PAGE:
Assemble your code with Pasmo (see the previous instalment if you've forgot), load and execute it with PRINT USR 24576. You should see Your Name rulez! at the top of the screen and on the next line, the value of bc will also appear. We'll find a way of getting rid of the bc memory pointer being outputted in the next instalment, and look changing the text colour too. For now, experiment with the code to see if you can get an extra space in between each character, or move the text onto another line.
Bits and bobs
There are eight binary bits to the byte, and each memory location holds one byte. As I pointed out in the last instalment, binary works to the power of two; every time we move left one place, the number is doubled from the place to the right. To convert an 8-bit binary number to decimal, you can first convert each 4-bit nybble to hex and then convert that to decimal, as stated last time, or you could use the following formula: (X7x128)+(X6x64)+(X5x32)+(X4x16)+(X3x8)+(X2x4)+(X1x2)+X0. That's a bit long winded, so as each place represents one or zero, we add the relevant number were we see a 'one' and ignore any place where there is a zero, for instance:
10110010 will be
Obviously, if bit zero, the least significant bit, is set (or one) – this is the bit furthest to the right as we look at our binary octet - then the number is odd and if it's unset (zero) the number is even. There is a way to represent negative numbers in binary too, which we'll come onto in due course.
You can use an [online] converter if you're really stuck though, or the standard calculator on Windows in 'Programmer' mode, or whatever is installed on your operating system.
Look back and you'll notice from the last instalment, I set a little challenge for you to see if you could get the code to add extra spaces between each character as it was displayed, and whether you could get the text to appear on a new line. There are many ways of doing this. You could have just added character spaces in the text in the data block, as follows:
defb " Y o u r N a m e r u l e z !"
Knowing that the screen has 32 columns (or 32 characters) per line, you could also have added this number (or multiples thereof) of spaces before the text to get it written on a new line. This adds one byte per character space to the size of your overall code, and as you don't have limitless resources on a Spectrum, a more efficient way should be considered. We know the value 13 is the Sinclair equivalent of a carriage return. We could add this to the beginning of the data, as follows:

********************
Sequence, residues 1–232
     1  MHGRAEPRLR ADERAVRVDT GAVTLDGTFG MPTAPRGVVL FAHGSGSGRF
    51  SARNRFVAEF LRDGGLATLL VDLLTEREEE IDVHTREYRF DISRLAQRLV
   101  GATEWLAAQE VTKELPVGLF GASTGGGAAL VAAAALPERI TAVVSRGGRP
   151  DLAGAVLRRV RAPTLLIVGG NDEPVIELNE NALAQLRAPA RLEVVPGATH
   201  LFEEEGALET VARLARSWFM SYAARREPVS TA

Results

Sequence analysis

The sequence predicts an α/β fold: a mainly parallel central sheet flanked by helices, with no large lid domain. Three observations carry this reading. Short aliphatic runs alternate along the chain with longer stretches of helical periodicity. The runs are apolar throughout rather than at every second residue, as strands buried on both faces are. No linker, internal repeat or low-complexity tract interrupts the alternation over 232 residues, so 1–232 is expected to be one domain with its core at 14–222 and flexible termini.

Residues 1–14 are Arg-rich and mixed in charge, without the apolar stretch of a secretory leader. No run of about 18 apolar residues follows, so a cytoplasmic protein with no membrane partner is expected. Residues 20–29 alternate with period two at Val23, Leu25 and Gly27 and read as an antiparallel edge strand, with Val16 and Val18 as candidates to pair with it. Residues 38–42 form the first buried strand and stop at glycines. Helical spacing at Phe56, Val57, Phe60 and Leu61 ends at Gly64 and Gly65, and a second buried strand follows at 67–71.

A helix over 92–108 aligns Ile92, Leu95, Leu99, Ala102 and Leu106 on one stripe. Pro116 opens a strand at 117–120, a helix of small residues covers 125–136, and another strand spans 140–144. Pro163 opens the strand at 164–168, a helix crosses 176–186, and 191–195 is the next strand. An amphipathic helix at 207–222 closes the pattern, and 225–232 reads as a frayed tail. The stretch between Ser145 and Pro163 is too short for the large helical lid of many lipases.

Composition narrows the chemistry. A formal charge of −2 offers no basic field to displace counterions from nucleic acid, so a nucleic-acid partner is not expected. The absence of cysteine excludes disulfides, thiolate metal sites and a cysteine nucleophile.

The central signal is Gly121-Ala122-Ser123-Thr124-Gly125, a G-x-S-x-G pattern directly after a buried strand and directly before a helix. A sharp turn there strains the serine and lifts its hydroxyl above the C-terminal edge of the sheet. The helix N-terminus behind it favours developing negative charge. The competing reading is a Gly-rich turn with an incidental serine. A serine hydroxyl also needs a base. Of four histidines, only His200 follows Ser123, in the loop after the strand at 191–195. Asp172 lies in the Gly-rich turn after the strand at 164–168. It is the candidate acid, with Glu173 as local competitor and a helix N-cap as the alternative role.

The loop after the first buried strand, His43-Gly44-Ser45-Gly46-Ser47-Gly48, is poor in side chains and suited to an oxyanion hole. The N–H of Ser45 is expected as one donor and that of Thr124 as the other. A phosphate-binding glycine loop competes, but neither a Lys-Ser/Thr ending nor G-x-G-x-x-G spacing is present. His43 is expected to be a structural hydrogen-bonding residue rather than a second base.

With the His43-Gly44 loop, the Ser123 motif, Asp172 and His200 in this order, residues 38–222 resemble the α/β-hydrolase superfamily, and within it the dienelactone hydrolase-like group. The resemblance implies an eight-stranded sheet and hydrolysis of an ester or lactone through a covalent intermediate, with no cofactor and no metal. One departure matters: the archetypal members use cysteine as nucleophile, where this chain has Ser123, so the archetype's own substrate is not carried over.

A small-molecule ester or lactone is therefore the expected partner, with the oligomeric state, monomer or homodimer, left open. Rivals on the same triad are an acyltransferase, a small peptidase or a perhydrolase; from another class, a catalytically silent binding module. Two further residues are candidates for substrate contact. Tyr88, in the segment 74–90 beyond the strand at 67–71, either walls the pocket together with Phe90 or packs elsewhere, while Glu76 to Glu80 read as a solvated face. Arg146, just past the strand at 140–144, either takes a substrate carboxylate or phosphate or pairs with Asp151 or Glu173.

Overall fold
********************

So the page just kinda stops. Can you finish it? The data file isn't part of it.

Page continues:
defb 13,"Your Name rules!"
As for adding spaces between the characters, unless you manually did this as above, you might have tried to add inc de before the line jr LOOP, increasing the screen pointer twice. This wouldn't have had the desired effect though as we were using the register pair DE simply to keep track to which character we're writing to. More will be explained about the screen in later instalments.
What we need to find out is the code for a single space, like 13 is a carriage return. Here's how it's done. Before the line jr LOOP (and after the rst $10 line), enter the following:
ld a,32 ; 32 is a character space
rst $10 ; print the contents of 'a'
That said, there isn't really a correct answer in either case, but it's how I would have done it.
Now we can output text to the screen, let's have a look at adding colour. I've included comments on each line for further clarity, but if you are unsure about anything, pop over to tinyurl.com/Speccy-Coding and feel free to ask any questions. Here's the example:
org $6000 ; Start of code (6x4096 in decimal)
ld a,7 ; Colour seven is white ink and black paper
ld (23693),a ; This sets the screen colour as defined by the accumulator (a)
call 3503 ; Calls a routine to clear the screen
ld a,1 ; One is blue
call 8859 ; We'll set the border colour to blue
ld bc,STRING ; bc points to the string data in memory
LOOP ; Here's our main loop
ld a,(bc) ; Load a with the byte in location bc
cp 0 ; Compare a to zero (end of STRING data)
jr z,EXIT ; If equal to zero then jump to EXIT
rst $10 ; Output a to screen
inc bc ; Increase bc by one to get next byte
jr LOOP ; Jump back to loop label to do it all again
ret ; This will return us to BASIC
STRING ; This is our main data block:
defb "Your Name rules!"
defb 13,0 ; 13 is a new line and 0 is the end of data
Assemble and load this program into the emulator. To execute this code, we can now use:
RANDOMIZE USR 24576
And as you will see, the value of bc isn't printed when you return to BASIC. For our next challenge, see if you can change the colours of the text and border. For a handy reference, look in the old ZX Spectrum BASIC programming manual, but there are plenty of online resources which are a simple search away.
The Spectrum's colour handling for the screen is worked out with the following formula: (128xFLASH)+(64xBRIGHT)+(8xPAPER)+INK. The border can only be one of eight colours, as follows, 0=black.1=blue, 2=red, 3=magenta, 4=green, 5=cyan, 6=yellow, 7=white. If you want any INK (or foreground) colour on a black background, it's simply the colours as above, because zero is black and 0x8 will always be naught. If you want yellow text on a blue background, it'll be (1x8)+6, or 14. The attributes FLASH and BRIGHT can only be one or zero. To set them, just add 128 and/or 64 as needed. This concludes are first instalment, more will follow soon so keep an eye on this blog.